Instructional Materials & How-Tos
This video highlights the digital tools that were extremely helpful my capstone project.
Watch This Video to Learn More About the "Pebble in the Pond" Design Model
The evolution of my thought and practice became more defined as I applied my area of study to the instructional design model entitled "The Pebble in the Pond." This model states that you start with the, “pebble” which represents the problem. From there you design instruction with procedures based around solving that problem.
The Pebble-in-the Pond design model consists of a series of expanding activities that begins with a pebble. For my capstone project, I identified a problem and then wrote an essential question in order to investigate that problem. The problem is the "pebble.”
The problem is what we will teach the learners to accomplish by the end of instruction. The second ripple identifies a progression of problems. I have identified different, compounding approaches to solving the big problem throughout the course of my action research. The third ripple identifies the knowledge and skills required to complete each task and solve each problem. This represents the knowledge and skills we wanted our students to learn throughout the course of our action research. The fourth ripple determines the instructional strategy that will engage learners in the problems and help them gain the knowledge and skills to solve the problems. The use of instructional strategies was determined at the beginning of our action research, but also have been used consistently throughout our study. The fifth ripple is interface design. This means that the content to be learned and the strategy we have chosen to engage our learners has been adapted to student learningIn regard to my action research, I moved between the different ripples and readjusted to redefine my instruction.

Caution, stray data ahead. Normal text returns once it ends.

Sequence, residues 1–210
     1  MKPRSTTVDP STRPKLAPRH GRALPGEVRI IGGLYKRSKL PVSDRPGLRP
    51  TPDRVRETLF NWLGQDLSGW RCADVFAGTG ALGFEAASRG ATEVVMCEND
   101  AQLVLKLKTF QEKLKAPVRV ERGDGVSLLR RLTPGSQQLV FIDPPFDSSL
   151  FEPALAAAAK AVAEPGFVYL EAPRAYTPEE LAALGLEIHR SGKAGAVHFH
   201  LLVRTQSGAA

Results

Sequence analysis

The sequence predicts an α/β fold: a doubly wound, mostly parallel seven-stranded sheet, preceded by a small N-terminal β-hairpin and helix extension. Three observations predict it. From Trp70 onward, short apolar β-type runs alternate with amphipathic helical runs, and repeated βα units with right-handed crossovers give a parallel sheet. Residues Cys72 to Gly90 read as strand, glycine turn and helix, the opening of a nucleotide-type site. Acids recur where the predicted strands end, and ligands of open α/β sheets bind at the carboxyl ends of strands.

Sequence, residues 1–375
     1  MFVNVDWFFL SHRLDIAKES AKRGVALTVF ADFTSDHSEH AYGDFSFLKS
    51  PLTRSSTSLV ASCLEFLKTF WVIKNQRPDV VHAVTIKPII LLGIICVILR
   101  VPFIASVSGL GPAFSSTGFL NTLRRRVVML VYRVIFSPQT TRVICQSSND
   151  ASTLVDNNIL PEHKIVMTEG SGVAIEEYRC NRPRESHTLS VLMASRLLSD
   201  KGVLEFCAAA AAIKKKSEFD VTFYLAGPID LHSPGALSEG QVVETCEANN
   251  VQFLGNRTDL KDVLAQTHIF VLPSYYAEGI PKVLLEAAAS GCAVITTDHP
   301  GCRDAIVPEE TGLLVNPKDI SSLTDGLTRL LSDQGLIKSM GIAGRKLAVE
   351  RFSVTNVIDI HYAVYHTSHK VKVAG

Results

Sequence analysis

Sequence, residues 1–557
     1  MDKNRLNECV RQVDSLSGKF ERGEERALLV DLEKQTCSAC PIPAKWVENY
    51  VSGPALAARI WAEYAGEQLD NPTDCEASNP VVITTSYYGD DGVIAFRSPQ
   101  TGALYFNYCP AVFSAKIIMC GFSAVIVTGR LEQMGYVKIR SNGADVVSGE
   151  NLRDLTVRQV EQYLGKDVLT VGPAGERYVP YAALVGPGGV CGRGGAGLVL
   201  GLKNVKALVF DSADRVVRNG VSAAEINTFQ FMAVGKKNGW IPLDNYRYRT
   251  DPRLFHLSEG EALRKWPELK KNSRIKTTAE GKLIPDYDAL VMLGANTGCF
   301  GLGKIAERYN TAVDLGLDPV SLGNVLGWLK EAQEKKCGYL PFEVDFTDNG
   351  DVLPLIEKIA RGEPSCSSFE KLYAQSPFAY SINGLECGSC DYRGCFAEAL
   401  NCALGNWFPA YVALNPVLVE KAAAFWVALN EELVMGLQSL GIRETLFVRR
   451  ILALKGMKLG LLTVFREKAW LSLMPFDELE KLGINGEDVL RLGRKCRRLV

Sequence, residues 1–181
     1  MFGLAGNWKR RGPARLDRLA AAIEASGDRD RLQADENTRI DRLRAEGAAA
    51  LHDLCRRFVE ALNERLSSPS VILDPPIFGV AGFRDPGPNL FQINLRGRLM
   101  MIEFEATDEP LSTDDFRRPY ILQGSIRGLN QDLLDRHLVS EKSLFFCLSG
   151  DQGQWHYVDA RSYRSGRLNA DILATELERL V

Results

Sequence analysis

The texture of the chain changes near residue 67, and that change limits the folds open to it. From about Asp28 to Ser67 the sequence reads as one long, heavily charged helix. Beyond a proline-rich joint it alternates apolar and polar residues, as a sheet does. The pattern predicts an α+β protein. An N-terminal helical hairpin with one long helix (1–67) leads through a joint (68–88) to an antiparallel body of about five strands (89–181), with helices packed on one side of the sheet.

This is how I looked at this design model over the course of my capstone:
Problem = Students lack motivation, the ability to apply inquiry skills, and a positive mindset within the mathematics classroom
Analysis = Summary of learning, obstacles/limits for learning, ways that obstacles were overcome, focus on key learning, looking at the next steps,
Strategy = Think-Pair-Share, applying Arthur Costa’s Level’s of Questioning within mathematics, Google Forms for immediate and individual feedback, interactive technology, Bridges in Mathematics student performance assessments, informal assessments, monitoring student conversation, whole class direct instruction, and small group instruction
Design = Video tutorials, quizzes, polls, open-ended questions, facilitating student conversation based on inquiry and metacognitive thinking, redesign/readjust student learning experiences based on student feedback
Production = Completion of Bridges in Mathematics assessments, the ability to articulate the inquiry process in mathematics, the capacity to display a positive math mindset.